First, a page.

Would encryption have changed the election?

The 2016 U.S. Presidential election is over and settled, so the question I’m posing is basically a thought experiment at this point, but it’s worth pondering: Would the judicious use of modern encryption have changed the outcome of last month’s U.S. Presidential election?

To be clear, I’m not talking about the e-mail server scandal that involved Hillary Clinton at the State Department. To borrow the language of the infamous Wells Report, it’s “more probable than not” that the former secretary of state violated the law — and she certainly violated any reasonable judgment — by using a private e-mail server located in her home to pass classified information. However, it’s unlikely encryption would have played much of a part in the outcome of the election. As a result of the subsequent FBI investigation, the public ended up seeing the contents of many of the e-mails, and for the most part we found them mundane. The scandal was the blatant disregard for procedure when handling classified information, not the information handled.

Rather, what I’m talking about here is the e-mail leak from the Gmail account of John Podesta, the Washington power broker and Clinton campaign chairman. His abundance of correspondence with much of Clinton’s inner circle laid bare their collective disdain for most Americans. Not everyone, mind you. Just blacks, whites, Hispanics, Catholics, and Muslims, to name a few subsets of the population. Unlike the private e-mail server, the contents of these e-mails were incredibly revealing, particularly to the extent of the groupthink within the Clinton organization and the Democratic party in general. I would argue they were far more damaging to the Clinton campaign, which is why I posed the question above.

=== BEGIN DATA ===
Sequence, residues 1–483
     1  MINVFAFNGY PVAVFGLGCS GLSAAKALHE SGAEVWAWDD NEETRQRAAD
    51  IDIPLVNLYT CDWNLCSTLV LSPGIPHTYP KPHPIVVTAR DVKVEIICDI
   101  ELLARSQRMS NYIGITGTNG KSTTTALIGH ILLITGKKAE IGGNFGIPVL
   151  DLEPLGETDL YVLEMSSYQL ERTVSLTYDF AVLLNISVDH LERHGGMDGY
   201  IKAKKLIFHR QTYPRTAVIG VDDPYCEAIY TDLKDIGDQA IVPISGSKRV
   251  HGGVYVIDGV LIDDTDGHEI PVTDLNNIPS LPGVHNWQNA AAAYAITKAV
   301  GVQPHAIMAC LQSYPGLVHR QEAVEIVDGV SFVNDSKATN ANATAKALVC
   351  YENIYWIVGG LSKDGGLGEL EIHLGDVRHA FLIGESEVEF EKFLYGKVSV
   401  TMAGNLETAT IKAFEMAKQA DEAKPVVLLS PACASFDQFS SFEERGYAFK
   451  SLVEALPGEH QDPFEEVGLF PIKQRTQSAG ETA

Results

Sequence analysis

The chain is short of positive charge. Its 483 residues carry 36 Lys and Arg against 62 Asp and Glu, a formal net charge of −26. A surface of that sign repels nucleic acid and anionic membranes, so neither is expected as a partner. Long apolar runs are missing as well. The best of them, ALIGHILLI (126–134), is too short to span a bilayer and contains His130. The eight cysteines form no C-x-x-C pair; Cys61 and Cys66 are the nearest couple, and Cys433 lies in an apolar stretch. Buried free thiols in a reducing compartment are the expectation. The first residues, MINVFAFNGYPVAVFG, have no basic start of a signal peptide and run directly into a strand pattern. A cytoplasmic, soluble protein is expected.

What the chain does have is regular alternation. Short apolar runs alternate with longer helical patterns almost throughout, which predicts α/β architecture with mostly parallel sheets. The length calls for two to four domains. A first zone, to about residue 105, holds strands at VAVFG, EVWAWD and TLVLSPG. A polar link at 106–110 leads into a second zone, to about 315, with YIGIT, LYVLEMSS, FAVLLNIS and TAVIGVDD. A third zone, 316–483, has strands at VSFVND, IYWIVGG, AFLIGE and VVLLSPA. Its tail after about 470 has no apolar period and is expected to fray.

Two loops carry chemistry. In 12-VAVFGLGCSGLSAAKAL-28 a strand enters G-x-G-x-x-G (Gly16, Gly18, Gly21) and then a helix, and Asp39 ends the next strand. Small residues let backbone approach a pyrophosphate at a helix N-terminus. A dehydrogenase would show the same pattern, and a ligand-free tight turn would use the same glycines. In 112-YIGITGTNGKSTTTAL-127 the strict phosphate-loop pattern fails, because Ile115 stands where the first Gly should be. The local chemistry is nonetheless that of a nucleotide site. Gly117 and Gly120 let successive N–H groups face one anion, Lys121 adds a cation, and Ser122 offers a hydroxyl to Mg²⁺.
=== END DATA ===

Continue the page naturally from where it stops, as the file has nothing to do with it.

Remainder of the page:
In spite of the laughable claims that the Podesta leak was a sophisticated “hack” by a foreign government, the evidence suggests Podesta gave his password to the attackers himself while falling prey to a rather common phishing attack. Like a Craigslist cashier’s check scam, you’d find it hard to believe anyone would be dumb enough to fall for it — except you know someone who has or you have yourself. In short, the leak was a self-inflicted wound.

John Podesta: I should have used Signal

Now, if Podesta had used a simple smartphone app like Signal, his correspondence would have been encrypted from end to end, leaving nothing in the cloud to be found. The encryption keys are kept on the phones and change regularly, so that even if an adversary managed to intercept the messages between two devices and crack an encryption key, the key would only unlock a handful of messages. To get all his messages, someone would have had to hack or gain physical access to his phone or the phones of his correspondents — not impossible, of course, but apparently not as easy as convincing an important Beltway insider to give you his personal e-mail password. In fact, months before the Podesta leak went public, the Democratic National Committee had told its staffers to use Signal for all its confidential correspondence, although the advisory may have come too late to do any good for Podesta or the DNC.